So, none of you guessed it (largely because none of you guessed at all), but the next book up is Wendy Lawless’ Chanel Bonfire. This is a memoir about the author’s rather insane childhood. Not insane because the author is one of those hyper ADD kids that runs away to a circus, but because her mother is, to put it bluntly, completely psychotic. We’re talking level 9 meltdown kind of psychotic. Lock the kids in the closet for 10 hours kind of psychotic. Drunkenly drive the car into the middle of her daughter’s graduation and then blame the police for making a scene kind of psychotic. It’s intense. And, if it was written differently, it would probably be legitimately frightening.
But what I like about Lawless’s style is that she understands just how ridiculous the events of her past are. She doesn’t look back on them with a morbid woe-is-me attitude (even though she would be totally justified to take that stance). Instead, she laughs. She makes little jokes, tells it like it is, and gives it a little magic. It’s really the best method to take with these traumatic memoirs too, because, in all honesty, it’s just not that fun to listen to someone complain for 200+ pages, even if they should be able to. So, for all of you aspiring memoir writers, take a page out of Lawless’s book.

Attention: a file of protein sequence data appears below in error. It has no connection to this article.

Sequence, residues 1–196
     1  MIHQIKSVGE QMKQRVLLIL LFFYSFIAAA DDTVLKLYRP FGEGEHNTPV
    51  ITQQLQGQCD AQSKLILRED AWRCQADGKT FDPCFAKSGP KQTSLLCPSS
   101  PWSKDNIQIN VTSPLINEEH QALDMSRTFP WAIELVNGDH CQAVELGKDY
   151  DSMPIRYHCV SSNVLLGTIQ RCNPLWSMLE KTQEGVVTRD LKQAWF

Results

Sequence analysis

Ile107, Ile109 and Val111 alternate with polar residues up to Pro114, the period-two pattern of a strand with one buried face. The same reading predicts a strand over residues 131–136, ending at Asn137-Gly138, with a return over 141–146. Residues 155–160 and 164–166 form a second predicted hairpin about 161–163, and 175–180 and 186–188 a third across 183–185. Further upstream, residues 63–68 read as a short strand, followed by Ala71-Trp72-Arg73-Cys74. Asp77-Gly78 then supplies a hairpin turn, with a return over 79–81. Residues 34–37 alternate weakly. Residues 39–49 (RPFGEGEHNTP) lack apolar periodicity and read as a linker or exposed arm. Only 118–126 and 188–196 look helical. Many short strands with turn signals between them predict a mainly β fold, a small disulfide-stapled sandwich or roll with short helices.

My hesitation in recommending this book has less to do with its actual quality and more to do with its genre. Sure, the writing gets a little bit corny every now and again (stuff like little did I know it was only beginning…), but it’s such a personal story that I don’t really have a problem with some corniness. No, the real problem here is the same problem faced by all memoirs written by non-famous people—it can be hard to connect to a story without any prior knowledge of the person. A lot happens in these pages and there just isn’t a ton of time to hear about who Lawless really becomes. So you can put yourself in her place and see how terrible her situation is, but you never really get to know her beyond the realm of her mother’s madness. In the end, you get a remarkable story but don’t get great characters to go along with it.
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